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As the relevance of lizards in evolutionary neuroscience increases, so does the need for more accurate anatomical references. Moreover, the use of magnetic resonance imaging (MRI) in evolutionary neuroscience is becoming more widespread; this represents a fundamental methodological shift that opens new avenues of investigative possibility but also poses new challenges. Here, we aim to facilitate this shift by providing a three-dimensional segmentation atlas of the tawny dragon brain. The tawny dragon (Ctenophorus decresii) is an Australian lizard of increasing importance as a model system in ecology and, as a member of the agamid lizards, in evolution. Based on a consensus average 3D image generated from the MRIs of 13 male tawny dragon heads, we identify and segment 224 structures visible across the entire lizard brain. We describe the relevance of this atlas to the field of evolutionary neuroscience and propose further experiments for which this atlas can provide the foundation. This advance in defining lizard neuroanatomy will facilitate numerous studies in evolutionary neuroscience. The atlas is available for download as a supplementary material to this manuscript and through the Open Science Framework (OSF; ).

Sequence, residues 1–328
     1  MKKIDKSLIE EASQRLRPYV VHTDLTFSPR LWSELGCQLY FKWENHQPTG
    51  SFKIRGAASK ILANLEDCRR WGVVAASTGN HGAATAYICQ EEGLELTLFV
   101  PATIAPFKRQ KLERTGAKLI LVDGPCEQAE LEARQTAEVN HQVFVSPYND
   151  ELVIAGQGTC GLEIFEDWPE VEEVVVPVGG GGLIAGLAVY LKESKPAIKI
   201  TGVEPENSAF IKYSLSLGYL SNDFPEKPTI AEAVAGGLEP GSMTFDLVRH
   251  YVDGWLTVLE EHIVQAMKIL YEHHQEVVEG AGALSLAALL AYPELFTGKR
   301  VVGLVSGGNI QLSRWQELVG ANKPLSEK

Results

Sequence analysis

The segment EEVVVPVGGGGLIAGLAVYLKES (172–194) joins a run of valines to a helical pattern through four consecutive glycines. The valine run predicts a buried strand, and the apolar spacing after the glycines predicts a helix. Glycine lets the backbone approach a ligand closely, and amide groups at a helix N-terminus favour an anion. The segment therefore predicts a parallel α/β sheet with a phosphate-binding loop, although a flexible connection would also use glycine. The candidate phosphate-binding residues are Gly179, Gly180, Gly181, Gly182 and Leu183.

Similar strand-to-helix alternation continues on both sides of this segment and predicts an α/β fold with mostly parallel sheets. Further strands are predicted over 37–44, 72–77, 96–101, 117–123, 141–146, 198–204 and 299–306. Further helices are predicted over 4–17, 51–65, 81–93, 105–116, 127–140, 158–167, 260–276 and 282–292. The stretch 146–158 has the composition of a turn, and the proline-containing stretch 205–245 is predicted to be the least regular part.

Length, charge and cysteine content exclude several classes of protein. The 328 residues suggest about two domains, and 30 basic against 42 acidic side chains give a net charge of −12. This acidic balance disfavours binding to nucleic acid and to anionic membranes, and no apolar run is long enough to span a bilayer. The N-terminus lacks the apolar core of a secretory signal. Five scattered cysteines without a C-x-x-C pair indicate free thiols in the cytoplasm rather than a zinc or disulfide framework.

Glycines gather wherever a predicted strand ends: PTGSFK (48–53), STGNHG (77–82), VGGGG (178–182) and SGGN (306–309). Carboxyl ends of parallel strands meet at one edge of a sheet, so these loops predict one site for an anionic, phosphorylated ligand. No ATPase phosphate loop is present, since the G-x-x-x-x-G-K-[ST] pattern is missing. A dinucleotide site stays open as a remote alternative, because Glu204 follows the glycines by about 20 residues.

Original publication




Journal article


Brain Struct Funct

Publication Date



Agamid, Evolutionary neuroscience, Magnetic resonance imaging, Registration, Reptile, Segmentation